Berkshire Grey Blog
Digital-First Grocery: Micro-Fulfillment vs. Central Fulfillment
By Pete Allen, GM, Food & Beverage Business Unit
Industry leaders must consider current and future consumer shopping habits to develop the best business model to meet existing demand and raise future margins.
Grocery operations leaders already contend with razor-thin margins, which are only being exacerbated by competition from the likes of Amazon, Walmart, and Target to meet increasing consumer demand for online ordering, curbside pickup, and contactless delivery.
While this rising customer demand is increasing topline revenue, the expectation of same-day order fulfillment and delivery is decimating margins, with industry estimates putting losses anywhere from $7 (for curbside pickup) to $13 (for deliveries) per order. With those estimates top of mind, grocery leaders are looking to new approaches for successful order fulfillment.
Industry research (see below) shows that moving from a manual labor model to either automated centralized fulfillment centers (CFCs) or micro-fulfillmentcenters(MFCs) can reduce labor costs, improving margins and moving them out of negative territory. Let’s take a look at the options.
CFCS VS. MFCS
Some large grocery players are already using CFCs to support direct-to-consumer orders across the geographic area of multiple brick-and-mortar stores. Although the large physical footprint requires significant upfront investment, it allows for the consolidation of storage and processing at scale. CFCs tend to be located outside of metropolitan areas, limiting the opportunity to meet demand for customer self-pickup and requiring the vast majority of individual orders to be delivered. Unless they happen to be located in the heart of a densely populated area, CFCs are an extremely costly approach for fulfilling direct-to-consumer orders. That being said, CFCs can introduce a grocer to a geographic market it has not previously served and store replenishment is still a major requirement for store-based grocers.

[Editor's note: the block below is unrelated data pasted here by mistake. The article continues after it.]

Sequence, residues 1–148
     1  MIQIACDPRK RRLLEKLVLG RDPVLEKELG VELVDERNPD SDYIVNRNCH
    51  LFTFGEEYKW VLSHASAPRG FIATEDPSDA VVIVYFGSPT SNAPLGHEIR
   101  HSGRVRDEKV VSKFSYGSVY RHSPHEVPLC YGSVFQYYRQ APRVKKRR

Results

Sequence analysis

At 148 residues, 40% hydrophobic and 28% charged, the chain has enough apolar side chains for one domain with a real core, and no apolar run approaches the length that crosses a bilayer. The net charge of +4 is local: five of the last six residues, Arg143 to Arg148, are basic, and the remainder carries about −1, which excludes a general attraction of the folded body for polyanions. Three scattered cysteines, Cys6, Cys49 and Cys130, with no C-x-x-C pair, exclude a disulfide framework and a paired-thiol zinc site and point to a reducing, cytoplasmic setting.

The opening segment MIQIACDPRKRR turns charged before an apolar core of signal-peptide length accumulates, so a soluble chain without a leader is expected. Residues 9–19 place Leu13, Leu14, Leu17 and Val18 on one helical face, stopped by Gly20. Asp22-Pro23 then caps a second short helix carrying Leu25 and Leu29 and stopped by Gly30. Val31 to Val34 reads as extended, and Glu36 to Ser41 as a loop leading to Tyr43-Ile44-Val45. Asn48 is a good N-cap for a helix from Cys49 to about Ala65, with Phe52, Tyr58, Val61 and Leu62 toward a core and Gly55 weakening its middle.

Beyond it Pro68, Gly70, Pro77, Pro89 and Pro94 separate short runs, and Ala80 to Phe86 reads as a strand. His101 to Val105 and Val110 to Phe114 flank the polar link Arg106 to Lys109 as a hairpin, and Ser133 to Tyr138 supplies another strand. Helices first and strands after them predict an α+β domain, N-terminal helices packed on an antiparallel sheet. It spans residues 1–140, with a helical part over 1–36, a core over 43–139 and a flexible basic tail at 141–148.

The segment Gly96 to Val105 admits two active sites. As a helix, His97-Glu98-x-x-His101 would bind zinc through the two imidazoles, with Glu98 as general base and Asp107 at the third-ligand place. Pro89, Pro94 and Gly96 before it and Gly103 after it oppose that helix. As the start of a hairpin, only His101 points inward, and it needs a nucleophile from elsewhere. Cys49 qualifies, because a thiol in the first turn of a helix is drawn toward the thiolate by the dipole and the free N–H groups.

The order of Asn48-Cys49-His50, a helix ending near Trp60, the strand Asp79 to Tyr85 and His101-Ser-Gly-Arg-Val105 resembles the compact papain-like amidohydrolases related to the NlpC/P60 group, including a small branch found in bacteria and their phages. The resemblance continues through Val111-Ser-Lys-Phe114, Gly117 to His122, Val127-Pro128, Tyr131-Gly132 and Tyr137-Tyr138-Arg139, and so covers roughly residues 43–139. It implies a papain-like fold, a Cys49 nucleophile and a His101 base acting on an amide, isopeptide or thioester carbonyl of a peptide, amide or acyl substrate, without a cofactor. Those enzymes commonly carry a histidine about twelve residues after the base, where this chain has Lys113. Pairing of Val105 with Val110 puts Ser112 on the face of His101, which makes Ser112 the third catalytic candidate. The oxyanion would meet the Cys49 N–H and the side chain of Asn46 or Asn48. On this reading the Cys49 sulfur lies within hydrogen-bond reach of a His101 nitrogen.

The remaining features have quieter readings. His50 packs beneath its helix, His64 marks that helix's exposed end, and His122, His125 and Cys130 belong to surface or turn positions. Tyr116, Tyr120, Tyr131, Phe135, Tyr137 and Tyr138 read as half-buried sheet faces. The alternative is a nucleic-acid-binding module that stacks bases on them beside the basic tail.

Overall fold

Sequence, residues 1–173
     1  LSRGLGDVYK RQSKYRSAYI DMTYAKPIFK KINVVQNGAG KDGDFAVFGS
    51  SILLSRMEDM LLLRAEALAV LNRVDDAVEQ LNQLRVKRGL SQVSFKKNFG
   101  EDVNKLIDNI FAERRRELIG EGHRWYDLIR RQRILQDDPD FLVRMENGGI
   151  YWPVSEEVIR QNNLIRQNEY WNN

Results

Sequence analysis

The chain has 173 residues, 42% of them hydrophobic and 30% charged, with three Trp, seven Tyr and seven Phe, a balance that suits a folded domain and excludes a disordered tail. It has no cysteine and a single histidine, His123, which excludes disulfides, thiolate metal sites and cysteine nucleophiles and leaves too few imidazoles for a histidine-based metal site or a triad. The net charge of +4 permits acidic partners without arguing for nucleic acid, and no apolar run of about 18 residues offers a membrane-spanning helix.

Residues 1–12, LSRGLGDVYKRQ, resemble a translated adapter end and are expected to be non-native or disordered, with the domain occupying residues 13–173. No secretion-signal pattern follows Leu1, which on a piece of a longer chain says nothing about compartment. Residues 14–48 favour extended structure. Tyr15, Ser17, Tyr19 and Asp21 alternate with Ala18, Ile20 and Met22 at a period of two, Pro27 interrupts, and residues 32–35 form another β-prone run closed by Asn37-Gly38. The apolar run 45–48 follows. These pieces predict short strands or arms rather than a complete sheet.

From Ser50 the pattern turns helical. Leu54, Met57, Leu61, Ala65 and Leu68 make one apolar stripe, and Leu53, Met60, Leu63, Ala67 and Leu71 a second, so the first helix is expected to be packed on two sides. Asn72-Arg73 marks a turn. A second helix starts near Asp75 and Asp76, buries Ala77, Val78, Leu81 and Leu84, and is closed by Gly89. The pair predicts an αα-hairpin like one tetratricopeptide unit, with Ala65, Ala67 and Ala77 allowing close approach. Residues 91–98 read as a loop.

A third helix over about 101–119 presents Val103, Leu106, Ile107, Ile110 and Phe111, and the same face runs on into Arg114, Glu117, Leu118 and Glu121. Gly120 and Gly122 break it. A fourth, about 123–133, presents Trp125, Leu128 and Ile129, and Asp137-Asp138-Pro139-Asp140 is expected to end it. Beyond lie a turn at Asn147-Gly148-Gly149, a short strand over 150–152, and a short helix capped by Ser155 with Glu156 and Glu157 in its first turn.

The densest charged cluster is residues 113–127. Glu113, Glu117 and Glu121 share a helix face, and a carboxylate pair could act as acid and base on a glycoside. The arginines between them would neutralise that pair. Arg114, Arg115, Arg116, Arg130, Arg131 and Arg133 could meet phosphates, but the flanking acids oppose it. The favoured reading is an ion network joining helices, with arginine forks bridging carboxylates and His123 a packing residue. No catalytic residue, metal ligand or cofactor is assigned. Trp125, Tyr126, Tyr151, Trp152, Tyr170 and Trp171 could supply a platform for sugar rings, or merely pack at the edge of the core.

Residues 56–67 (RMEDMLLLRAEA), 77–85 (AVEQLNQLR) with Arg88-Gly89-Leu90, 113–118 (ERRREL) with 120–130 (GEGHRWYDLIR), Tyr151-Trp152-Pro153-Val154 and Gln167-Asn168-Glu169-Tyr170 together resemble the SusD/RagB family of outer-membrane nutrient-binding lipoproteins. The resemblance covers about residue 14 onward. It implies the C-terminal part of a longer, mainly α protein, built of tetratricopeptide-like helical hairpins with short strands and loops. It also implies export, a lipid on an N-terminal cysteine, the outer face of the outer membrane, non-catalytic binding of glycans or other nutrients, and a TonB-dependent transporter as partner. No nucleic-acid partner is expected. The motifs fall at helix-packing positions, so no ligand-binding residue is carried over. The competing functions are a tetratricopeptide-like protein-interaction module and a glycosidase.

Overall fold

Alternatively, MFCs are designed to support the direct-to-consumer orders for a single store location. These right-sized fulfillment operations can be affixed to or collocated within existing stores. MFCs support a smaller geographical radius and are in closer proximity to consumers, making pickup options more attractive and reducing delivery time and costs. Collocation can repurpose unused space within a store and capitalizes on existing inventory replenishment processes, reducing network transportation costs. Add automation and robotics to the MFC model, and grocers could slash operational expenses and pivot to a profitable direct-to-consumer order fulfillment model.
As more consumers are creating permanent online shopping habits for everyday items, industry leaders must build better business models to meet the existing demand and to handle the expected increased demand in the future. MFCs are the clear choice for operators with existing facilities in urban and suburban areas: when coupled with automation these facilities provide the scalability, fulfillment speed, and margin improvement that grocers need to grow and thrive.
Consider Three Critical Components
Berkshire Grey has been helping customers automate fulfillment throughout the pandemic — whether it’s allowing customers to rapidly scale their operations to meet 2X demand without adding shifts or accelerating store replenishment of goods on shelves. Listening to our customers, we have several observations to share.